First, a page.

These middle chapters contain many entertaining digressions. One of these is an account of the Cabinet's failure to bail out Quebec dairy farmers in the spring of 1976, an episode which, according to Whelan, gave the Parti Québécois the rural votes it needed for its first majority. (So much for the tons of paper consumed by the academic debate on political ideologies in Quebec!). The tone of the writing starts to sour during the chapter on Trudeaus last decade in power, and the following chapter on Whelan's foreign travels is a welcome relief. He is not afraid to applaud Castro's Cuba, Ariel Sharon's initiatives as Israeli Agriculture Minister, or Princess Anne's earthier remarks. The section about his drinking contests behind the Iron Curtain is wonderful, and the pages about Mikhail Gorbachev revealing and poignant. The story about Gorbachev's meeting with Peter Lougheed is worth the price of the book.

Although Whelan has received far less than its share of attention, the final chapter did raise a few media ripples, It concerns Whelan's quixotic run for the Liberal leadership, his firing by John Turner, and his shabby treatment by the new Conservative government. The book makes clear that there was never any love lost between Whelan and Turner, although the bitterness of the early Turner anecdotes may be partly due to recent events. However, the reasons for Whelan's removal from Turner's Cabinet remain vague. Whelan accuses Turner's aides of convincing the leader that "Big Gene" was a political liability, but doesn't explain. Perhaps Whelan's misquoted remark about Africans not wearing hats, widely interpreted as racist, hurt him more than he likes to admit. Or it may have been his support for Chrétien at the leadership convention. Whatever the reason, Whelan, like practically everyone else concerned, claims to have counselled Turner against an early election call. (If all of these people really did have this much foresight, Turner's judgement must be seriously doubted). The book ends with a plea for a more small-"I" Liberal Party and a veiled incitement to Liberal delegates to vote for a leadership review and bring the party back to the left of centre. These few paragraphs are much gentler, hence less newsworthy, than Davey's frontal assault on Turner, and reflect much better on the author's character and discretion.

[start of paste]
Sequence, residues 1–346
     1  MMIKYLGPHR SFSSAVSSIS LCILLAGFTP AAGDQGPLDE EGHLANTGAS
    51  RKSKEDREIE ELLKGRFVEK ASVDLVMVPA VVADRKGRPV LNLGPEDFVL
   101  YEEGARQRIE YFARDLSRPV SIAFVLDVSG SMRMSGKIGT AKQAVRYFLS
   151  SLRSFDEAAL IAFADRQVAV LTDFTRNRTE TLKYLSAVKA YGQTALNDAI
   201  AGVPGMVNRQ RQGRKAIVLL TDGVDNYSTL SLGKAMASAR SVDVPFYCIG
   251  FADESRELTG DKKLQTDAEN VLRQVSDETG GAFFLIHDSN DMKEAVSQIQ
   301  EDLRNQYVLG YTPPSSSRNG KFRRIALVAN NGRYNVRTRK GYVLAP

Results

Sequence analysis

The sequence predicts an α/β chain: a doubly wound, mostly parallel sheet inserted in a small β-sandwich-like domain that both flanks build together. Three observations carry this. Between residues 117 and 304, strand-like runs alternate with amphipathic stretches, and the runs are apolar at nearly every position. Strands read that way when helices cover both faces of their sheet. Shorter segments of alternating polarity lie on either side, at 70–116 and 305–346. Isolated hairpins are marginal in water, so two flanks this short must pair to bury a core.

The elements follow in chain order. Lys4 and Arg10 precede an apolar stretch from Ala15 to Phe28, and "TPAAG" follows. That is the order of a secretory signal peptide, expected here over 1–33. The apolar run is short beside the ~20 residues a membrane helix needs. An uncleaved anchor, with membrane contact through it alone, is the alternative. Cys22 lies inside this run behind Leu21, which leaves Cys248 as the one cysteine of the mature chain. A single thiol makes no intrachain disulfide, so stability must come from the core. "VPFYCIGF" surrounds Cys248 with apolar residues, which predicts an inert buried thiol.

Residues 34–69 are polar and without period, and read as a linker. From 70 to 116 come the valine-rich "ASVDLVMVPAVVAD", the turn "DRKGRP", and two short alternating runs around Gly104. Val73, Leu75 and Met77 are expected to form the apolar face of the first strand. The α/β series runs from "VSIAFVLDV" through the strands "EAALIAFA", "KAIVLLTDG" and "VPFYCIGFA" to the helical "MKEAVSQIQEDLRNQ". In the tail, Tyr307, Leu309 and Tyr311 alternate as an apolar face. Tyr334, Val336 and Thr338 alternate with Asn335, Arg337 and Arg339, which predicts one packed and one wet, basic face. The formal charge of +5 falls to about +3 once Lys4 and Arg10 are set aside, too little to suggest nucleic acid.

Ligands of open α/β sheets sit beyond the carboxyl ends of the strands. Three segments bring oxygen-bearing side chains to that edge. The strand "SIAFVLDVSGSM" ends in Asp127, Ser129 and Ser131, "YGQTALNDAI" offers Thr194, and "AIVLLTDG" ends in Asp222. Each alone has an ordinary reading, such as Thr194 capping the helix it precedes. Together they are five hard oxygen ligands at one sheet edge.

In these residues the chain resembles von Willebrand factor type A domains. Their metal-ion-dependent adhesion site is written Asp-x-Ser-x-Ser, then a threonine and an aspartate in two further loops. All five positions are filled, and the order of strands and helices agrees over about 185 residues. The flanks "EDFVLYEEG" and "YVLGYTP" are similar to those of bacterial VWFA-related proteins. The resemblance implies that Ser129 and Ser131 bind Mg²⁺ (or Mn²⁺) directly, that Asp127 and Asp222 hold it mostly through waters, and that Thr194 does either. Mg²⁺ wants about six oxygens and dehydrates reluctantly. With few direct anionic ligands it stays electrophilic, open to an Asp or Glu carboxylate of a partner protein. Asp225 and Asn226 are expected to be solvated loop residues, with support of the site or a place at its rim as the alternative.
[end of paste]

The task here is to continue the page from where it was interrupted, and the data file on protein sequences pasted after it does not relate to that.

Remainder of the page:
Whelan leaves a lasting impression of a shrewd, earthy populist trying to manoeuvre around over educated, out-of-touch bureaucrats and lawyer politicians. The real hero of the book is Whelan's wife Liz. His praise of her support, hard work and courage is frequent and generous, but barely enough for a quarter-century as a politician's wife - a role yet to be adequately studied or appreciated.